Photo by Leo Reynolds
Yesterday I read this very interesting manifesto tilted: “Redeeming Sisyphus – Get Out of Control! Get More Done!” by I. Barry Goldberg of Entelechy Partners. Goldberg describes a very interesting thesis. In a nutshell, he claims that most managers deal so much with micromanagement due to their inability trust their employees that they create an atmosphere that reduces creativity and productivity. Goldberg claims managers need to stop delegating (a “I say – you do” thinking behavior) and start passing responsibility and accountability (a “you do – I listen” thinking behavior). He claims that when employees are held accountable for their work, they become much more engaged with they work, thus becoming more creative and productive.
I really like this manifesto and I recommended it with all my heart. I think, at the heart of it, you can see two of the concepts I talk about in my E-book, “Playing It to Excellence and Happiness in Real Life – Five Concepts I Learned by Playing Basketball, Working and just Living”. One, is communicating. Goldberg claims that a manager’s role should be limited to listening to his employees and helping them reach their solutions by themselves. In order to do that, you need to create a very open and productive relationship with your employees – a relationship of trust. This can only be created by communicating a lot with your employees and by adhering to a nuber of simple communication rules. Second, I think the idea is to let your employees do what they are best at and focus on what the manager is best at – managing. When you are trying to be involved in every decision your employees make you sterilize their advantages. A manager today can’t know everything and can’t be an expert in everything. If you are involved in all the decisions, you immediately doom the work of your team to the sad lie of mediocrity, which is a grave danger it today’s world.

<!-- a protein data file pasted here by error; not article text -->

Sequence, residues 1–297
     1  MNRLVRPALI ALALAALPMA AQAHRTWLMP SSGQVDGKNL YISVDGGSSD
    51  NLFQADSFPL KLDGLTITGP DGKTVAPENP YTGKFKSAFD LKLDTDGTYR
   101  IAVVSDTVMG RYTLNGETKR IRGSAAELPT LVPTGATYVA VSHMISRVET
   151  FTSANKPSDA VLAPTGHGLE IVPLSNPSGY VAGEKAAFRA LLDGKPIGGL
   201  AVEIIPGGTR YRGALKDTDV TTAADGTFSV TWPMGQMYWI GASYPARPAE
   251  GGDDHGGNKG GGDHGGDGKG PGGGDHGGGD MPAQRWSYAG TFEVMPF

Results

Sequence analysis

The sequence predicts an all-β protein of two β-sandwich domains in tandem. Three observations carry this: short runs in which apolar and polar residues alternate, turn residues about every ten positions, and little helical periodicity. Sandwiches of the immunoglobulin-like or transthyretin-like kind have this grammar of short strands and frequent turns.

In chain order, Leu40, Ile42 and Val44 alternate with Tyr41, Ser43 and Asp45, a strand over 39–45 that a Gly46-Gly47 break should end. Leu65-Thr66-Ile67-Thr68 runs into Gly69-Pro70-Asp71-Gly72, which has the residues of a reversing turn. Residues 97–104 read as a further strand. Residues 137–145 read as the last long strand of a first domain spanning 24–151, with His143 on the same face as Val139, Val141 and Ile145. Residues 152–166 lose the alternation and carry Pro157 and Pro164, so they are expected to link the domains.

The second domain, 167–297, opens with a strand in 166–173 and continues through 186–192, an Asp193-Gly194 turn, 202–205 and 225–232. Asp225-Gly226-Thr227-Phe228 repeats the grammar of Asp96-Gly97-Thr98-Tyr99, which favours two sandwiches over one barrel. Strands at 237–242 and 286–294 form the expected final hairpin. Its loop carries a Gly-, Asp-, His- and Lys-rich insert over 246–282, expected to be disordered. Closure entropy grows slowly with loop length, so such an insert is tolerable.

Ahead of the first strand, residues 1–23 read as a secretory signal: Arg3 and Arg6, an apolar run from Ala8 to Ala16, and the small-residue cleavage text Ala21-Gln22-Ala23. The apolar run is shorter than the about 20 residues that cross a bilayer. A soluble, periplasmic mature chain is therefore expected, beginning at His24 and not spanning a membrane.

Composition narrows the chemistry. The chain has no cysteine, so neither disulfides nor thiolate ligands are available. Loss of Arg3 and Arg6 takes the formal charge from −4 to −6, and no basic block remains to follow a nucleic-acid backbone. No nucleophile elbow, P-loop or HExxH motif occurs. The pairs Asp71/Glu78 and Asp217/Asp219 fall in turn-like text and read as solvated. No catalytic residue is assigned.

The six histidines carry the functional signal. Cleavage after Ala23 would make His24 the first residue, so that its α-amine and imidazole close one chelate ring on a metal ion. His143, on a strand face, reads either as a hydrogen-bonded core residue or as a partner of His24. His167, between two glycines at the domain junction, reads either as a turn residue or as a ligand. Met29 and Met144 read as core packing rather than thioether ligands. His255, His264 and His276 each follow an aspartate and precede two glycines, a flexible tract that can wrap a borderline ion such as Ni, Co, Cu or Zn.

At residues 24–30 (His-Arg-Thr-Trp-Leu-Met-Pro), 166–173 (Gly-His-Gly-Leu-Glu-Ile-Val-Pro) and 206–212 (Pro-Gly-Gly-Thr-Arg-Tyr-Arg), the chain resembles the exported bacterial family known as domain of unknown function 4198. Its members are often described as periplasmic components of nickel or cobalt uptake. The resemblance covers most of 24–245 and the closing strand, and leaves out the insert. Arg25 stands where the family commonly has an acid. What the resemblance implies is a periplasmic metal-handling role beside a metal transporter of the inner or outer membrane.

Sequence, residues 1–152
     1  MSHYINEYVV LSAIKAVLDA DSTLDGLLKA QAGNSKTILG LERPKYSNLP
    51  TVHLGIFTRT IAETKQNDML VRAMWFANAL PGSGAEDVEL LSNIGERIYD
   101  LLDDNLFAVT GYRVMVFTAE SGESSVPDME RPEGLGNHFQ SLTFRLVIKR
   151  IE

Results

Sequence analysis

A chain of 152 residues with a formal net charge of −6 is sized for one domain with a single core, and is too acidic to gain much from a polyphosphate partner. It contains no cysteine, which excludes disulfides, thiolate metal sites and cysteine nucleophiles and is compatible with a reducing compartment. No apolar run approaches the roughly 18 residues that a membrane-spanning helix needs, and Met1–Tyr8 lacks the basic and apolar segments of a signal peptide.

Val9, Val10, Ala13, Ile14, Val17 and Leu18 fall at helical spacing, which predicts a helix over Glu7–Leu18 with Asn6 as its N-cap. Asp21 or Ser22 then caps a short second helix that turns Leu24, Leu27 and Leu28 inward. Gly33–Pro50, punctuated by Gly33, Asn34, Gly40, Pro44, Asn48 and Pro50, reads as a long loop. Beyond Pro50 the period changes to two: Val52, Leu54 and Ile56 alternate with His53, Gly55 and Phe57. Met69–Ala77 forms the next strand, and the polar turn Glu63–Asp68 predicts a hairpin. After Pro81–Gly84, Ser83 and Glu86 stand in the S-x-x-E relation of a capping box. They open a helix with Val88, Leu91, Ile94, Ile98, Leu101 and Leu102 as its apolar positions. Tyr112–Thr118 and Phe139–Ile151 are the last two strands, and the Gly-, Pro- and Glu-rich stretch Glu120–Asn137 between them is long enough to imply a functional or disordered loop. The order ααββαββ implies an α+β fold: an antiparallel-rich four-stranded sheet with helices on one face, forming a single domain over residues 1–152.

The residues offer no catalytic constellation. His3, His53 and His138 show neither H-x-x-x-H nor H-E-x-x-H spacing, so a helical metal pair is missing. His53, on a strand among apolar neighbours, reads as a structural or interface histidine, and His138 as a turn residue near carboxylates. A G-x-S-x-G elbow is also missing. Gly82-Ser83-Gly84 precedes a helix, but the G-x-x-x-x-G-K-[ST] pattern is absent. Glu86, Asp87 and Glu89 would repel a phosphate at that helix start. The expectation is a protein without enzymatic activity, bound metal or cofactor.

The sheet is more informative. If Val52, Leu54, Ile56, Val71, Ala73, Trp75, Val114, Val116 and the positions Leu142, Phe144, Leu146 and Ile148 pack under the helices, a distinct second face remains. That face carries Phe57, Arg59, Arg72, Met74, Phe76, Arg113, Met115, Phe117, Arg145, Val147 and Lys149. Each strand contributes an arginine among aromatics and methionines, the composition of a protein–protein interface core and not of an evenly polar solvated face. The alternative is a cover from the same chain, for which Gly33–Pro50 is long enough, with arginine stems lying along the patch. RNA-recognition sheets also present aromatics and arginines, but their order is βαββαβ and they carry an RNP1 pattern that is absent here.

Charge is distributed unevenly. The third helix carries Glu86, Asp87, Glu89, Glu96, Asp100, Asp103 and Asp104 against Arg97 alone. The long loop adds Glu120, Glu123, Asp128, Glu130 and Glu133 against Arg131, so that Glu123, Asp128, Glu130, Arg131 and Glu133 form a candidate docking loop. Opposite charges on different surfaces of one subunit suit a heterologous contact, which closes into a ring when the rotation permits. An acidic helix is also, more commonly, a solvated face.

But I think the most intriguing part of the manifesto is this:
“The first step in delegating accountability is to understand the vital signs of your business… Be rigorous and clear. Do not get tempted to ooze into soft measures. Not all of a business or project can be measured quantitatively; however, the discipline of defining the critical measures of your business’ health is worth the effort. Refine this down to a set of vital signs that are every bit as indicative of overall health as those your doctor takes at your annual physical. Remember, a vital sign is a numeric value and your vital signs must take in the overall health of the whole body of the business. If the sales levels are positive but turnover in the sales organization is out of control, you will not know about the soon-to-emerge higher recruiting costs and risk. Turnover should be on your list of reportable vital signs”.
Everybody knows saying by Peter Drucker that what isn’t measured does not get managed. But modern economics and behavioral economics, also shows us that if you decide on the wrong measures (or in Goldberg name: “vital signs”) you can create negative incentives. Books like “The Goal” by Eli Goldratt have been saying this for years. So, I believe the challenge of managers in the next few years, especially in the more subtle fields that are hard to measure will be to create the right vital signs. How do you go about doing that? I don’t know. Goldberg doesn’t exactly say either, although he does offer a thinking model to try and locate them. I think if someone will create a good process to identify the vital signs of organizations, he could transform the field of management…